The decision to amputate should be considered carefully and individually, including patient and family. One should compare the best predicted outcome with limb salvage with what is expected from amputation. The length of time required for treatment, and the complications that might occur on the way are also important factors. Prosthetic function with a lower extremity amputation, particularly below the knee, is much more successful than what can be achieved with upper-extremity amputations. The availability and
cost of prosthetics must also be considered, and they vary among different health systems.
Different cultures, countries and religions provide different perspectives to this controversy. The individual patient’s preferences within his or her social setting must never be forgotten.
The surgeon’s job is to educate the patient about realistic expectations.
If after due consideration, the patient decides that continued efforts at limb salvage are not desirable, the surgeon should recognize that amputation offers an opportunity for rehabilitation and restoration of function and plan the most functional level of amputation proximal to the diseased tissue. Using
Cierny’s physiologic host classification
, type A hosts are generally better candidates for limb salvage, while
type B hosts, with impaired resistance to infection may be better served by amputation. Type C hosts, for whom treatment is worse than their disease, are not surgical candidates unless their condition can be improved enough to tolerate surgery (either reconstruction, or amputation), or unless the infection flares out of control.
Consultation with a prosthetist may be helpful for the surgeon. The patient may wish to discuss amputation with another person who has undergone this procedure at a similar level. Once all of the infected tissue has been amputated, further infection treatment, beyond brief perioperative antibiotics is no longer required. Just as with elective limb salvage surgery, efforts should be made preoperatively to help the patient attain the best possible nutritional and physiologic condition with suppression of active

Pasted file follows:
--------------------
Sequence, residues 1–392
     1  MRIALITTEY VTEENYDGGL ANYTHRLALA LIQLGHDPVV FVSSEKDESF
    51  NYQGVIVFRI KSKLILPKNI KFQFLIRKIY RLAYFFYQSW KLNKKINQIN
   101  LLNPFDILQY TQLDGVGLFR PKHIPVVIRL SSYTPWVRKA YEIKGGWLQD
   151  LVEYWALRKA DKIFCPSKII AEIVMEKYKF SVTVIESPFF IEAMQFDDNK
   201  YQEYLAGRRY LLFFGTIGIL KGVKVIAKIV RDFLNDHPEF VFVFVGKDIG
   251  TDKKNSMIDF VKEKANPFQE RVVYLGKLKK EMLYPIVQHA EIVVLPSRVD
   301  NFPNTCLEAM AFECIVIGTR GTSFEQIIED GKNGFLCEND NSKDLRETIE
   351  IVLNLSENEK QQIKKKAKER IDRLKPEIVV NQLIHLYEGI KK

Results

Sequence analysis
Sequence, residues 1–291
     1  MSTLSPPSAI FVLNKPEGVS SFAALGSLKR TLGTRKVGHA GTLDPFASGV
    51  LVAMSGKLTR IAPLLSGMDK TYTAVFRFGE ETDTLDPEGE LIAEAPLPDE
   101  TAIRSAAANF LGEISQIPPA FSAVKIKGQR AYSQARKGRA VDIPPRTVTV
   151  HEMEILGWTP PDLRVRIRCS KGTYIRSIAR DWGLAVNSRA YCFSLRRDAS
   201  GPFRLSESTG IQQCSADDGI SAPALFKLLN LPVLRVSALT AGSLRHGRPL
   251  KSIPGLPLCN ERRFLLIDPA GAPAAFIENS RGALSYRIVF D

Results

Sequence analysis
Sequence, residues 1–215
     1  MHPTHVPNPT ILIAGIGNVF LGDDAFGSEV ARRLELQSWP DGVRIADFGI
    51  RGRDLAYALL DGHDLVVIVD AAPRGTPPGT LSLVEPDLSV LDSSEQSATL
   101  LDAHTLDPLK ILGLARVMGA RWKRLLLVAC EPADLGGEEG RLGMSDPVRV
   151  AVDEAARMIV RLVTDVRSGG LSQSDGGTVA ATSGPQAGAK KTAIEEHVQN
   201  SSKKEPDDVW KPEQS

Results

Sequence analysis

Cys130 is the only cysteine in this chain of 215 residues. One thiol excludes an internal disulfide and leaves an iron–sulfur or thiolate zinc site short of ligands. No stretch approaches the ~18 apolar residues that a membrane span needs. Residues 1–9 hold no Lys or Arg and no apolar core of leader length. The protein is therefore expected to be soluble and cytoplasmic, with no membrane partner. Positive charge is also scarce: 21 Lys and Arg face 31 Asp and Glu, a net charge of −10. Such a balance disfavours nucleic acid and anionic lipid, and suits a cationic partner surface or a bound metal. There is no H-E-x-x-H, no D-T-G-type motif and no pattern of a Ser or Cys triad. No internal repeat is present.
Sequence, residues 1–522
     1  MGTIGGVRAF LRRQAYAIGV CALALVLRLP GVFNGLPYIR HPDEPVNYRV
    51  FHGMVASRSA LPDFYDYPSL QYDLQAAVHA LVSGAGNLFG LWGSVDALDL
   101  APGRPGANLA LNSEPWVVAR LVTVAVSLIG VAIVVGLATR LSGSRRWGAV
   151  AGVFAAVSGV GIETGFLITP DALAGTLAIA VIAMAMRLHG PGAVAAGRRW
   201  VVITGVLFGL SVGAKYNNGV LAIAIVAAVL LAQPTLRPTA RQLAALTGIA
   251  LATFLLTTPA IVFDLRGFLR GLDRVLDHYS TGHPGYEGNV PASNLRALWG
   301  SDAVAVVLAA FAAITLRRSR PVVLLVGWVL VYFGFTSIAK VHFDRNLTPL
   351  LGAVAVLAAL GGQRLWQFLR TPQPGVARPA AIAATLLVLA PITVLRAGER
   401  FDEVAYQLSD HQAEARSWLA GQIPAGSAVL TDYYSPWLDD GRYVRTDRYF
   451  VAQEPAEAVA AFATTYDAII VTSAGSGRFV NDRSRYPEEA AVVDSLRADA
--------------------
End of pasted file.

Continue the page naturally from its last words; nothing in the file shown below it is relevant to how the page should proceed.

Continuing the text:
infection, or preliminary debridement, perhaps even a preliminary amputation just above the infected wound.
In this Class A host with an infection developing only 2 weeks after fracture surgery, prompt operative treatment is necessary. This includes aggressive debridement, microbial cultures and appropriate antibiotic treatment.
Fixation hardware should be checked for stability and left in place unless it is loose or prevents adequate debridement.
Antibiotics are begun as soon as cultures are obtained, and adjusted as necessary based on sensitivity results. Conventionally, they are continued for 6 weeks. Wound and fracture healing can be anticipated to proceed uneventfully.
Delayed presentation – 2-6 weeks (hidden infection)
This class A host had ORIF of her lateral plateau fracture. Healing was slow, and she returned with an open wound 24 days later. She immediately had aggressive debridement and antibiotics for 2 months. Wound and fracture then healed uneventfully.
The hardware was retained, but may have needed removal, or complete revision, if instability had been evident, or the infection failed to resolve.
Once the fracture was securely healed, the hardware was removed.
Infections often occur if hardware is left after initially successful treatment.
Chronic infection (>10 weeks)
This class B host needs to have careful diabetic control as the infection will make the patient’s diabetes less responsive. Furthermore, diabetes mellitus, especially if poorly controlled, reduces host resistance to infection.